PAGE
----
In one of my favorite Seinfeld episodes, George Constanza—the ultimate symbol of professional inadequacy—locks himself out of his car but, rather than call a locksmith, decides to keep the vehicle parked in the office lot, careful to remove the windshield flyers that have accumulated overnight, so his bosses believe he's the first to arrive and last to leave every day. George’s behavior reflects a fundamental truth of office work: visibility creates the illusion of value.
In research published in MIT Sloan Management Review, Daniel Cable of the London Business School describes a pervasive tendency for managers to treat remote workers more harshly than local workers. He shows that telecommuters are less likely to be promoted even in companies that explicitly encourage staff to work from home. Even among Bay Area tech companies, often thought of as models for a distributed workforce, Cable notes that managers asked employees not to come to the office and still unconsciously penalized those who obeyed.
I was drawn to Cable’s study because its findings jive with my professional experience: I noticed a few weeks into my first job after college that new hires tended to stay at the office late—almost always until after their bosses had left—despite having already finished their work, and that those who didn’t were regarded as less hardworking, despite having achieved the same amount of work.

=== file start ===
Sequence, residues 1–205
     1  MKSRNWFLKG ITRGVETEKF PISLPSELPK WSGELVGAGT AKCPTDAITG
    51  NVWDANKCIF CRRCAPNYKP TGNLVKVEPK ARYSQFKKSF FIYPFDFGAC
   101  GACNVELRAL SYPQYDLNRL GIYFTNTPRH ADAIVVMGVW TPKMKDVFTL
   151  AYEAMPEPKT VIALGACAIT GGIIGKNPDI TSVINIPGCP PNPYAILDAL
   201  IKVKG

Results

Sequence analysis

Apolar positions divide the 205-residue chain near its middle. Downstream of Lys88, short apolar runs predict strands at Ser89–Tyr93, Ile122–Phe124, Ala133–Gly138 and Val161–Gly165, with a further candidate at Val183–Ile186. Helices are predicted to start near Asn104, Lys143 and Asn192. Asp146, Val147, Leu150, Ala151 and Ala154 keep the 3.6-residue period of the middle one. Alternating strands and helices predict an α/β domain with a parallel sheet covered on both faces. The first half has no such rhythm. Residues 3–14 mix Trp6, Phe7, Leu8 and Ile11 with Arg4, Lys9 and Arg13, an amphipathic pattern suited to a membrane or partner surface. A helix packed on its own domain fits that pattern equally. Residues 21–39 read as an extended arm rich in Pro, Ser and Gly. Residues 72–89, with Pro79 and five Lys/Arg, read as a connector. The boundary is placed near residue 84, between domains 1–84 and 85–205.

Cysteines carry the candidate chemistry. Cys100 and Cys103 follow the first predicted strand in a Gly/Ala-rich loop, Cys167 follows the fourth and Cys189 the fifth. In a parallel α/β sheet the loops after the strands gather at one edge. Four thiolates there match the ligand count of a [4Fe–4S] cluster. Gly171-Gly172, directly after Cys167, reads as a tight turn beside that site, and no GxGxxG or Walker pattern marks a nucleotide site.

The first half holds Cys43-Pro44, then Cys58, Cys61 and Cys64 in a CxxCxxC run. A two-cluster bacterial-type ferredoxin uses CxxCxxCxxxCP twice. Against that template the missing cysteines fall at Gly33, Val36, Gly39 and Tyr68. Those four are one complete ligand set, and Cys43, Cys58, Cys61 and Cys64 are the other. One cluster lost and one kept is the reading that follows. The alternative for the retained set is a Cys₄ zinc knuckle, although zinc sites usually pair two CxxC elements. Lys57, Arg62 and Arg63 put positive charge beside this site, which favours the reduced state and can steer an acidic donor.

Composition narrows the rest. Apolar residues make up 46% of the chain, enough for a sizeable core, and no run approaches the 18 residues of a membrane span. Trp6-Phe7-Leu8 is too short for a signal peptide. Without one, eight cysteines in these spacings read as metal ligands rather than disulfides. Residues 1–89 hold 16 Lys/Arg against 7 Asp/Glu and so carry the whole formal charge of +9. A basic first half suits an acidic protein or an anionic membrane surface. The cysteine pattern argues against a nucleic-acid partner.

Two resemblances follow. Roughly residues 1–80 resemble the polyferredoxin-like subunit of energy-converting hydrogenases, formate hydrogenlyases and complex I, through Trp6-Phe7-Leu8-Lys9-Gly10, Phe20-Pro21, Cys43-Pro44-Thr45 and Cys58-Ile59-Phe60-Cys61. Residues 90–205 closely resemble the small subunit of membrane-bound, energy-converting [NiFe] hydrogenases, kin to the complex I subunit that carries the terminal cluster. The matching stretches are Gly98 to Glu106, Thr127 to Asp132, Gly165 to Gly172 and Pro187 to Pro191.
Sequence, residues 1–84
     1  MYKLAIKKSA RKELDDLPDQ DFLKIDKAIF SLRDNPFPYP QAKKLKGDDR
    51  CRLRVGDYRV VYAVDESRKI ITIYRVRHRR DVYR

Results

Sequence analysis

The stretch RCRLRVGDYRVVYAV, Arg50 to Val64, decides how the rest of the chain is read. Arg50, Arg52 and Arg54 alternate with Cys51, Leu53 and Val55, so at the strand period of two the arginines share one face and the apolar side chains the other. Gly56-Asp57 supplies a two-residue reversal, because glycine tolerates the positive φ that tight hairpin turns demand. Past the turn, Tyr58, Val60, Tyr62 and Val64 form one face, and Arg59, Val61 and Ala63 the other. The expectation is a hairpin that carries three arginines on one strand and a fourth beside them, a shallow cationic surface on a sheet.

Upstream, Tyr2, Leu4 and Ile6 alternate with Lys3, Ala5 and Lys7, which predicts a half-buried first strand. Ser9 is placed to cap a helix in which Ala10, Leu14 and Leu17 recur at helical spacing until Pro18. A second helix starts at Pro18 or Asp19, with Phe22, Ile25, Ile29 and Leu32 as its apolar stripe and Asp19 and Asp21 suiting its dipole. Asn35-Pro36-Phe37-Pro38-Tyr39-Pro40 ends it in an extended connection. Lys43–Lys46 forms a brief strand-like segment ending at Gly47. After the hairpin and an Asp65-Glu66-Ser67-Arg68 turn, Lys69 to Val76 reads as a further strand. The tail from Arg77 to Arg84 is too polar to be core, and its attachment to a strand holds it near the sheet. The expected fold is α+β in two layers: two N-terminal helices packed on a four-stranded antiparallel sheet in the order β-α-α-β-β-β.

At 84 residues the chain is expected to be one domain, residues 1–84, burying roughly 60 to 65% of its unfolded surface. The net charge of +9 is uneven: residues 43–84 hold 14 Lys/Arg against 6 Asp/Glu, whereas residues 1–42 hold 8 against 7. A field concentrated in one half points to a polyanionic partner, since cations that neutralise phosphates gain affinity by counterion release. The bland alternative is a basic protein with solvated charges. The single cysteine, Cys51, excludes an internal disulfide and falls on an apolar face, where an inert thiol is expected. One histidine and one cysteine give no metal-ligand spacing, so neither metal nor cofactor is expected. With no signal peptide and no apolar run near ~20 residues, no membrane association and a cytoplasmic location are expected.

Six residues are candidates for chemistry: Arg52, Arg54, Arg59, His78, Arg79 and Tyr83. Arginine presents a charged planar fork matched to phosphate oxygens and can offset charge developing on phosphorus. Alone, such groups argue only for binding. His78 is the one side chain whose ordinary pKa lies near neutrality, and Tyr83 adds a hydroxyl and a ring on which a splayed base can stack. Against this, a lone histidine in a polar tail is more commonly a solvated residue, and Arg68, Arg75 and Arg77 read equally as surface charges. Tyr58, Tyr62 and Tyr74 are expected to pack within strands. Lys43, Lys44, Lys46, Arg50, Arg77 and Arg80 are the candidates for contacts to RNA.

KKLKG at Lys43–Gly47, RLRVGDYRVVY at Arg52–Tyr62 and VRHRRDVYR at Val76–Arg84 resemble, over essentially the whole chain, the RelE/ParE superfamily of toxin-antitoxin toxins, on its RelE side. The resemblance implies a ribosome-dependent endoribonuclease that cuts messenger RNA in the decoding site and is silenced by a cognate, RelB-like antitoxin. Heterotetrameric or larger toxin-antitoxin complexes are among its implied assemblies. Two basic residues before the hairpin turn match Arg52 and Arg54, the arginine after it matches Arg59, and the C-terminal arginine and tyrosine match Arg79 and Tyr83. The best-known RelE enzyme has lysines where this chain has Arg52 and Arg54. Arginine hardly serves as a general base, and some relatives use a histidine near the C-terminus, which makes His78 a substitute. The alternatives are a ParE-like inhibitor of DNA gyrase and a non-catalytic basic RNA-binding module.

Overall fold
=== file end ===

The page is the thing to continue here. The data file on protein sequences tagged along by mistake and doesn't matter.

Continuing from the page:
In a partially remote workplace, where certain employees work in a central office while others work elsewhere, this bias has a particularly destructive ability, not least because applying uneven standards across such a team can have a chilling effect on team members’ ability to choose where they work from.
Since this ability is constructive for employees and employers alike, combatting the presenteeism bias is critically importantly. A particularly powerful way to do so is to build a remote team that is inherently visible, such that it becomes difficult for people to conflate visibility with value.
One of the many reasons we’re building Vizy is, as the name suggests, to enable such visibility. We think the best way to do that is with two capabilities:
- Spontaneous communication, or the ability for teammates to communicate in an unplanned and high-quality way, typically using video or audio rather than just text
- Workflow visibility, or the ability for teammates to understand and see what others are working on
Another reason we’re focusing on these two things is because no single existing tool achieves both, or even one, in any satisfactory way. Zoom is good for video conferencing, but not for spontaneous chats. Slack is spontaneous, but it’s also largely text-based which isn’t as efficient as video or audio for communicating ideas. Neither one offers any substantial visibility into what other teammates are working on—you’d have to use Google Docs or other apps with collaborative capabilities to see what a teammate is up to.
In subsequent posts, we’ll explore why these two capabilities aren’t just great for enabling visibility and hedging against the risk of presenteeism bias but also for creativity, innovation, and efficient collaboration among remote teammates.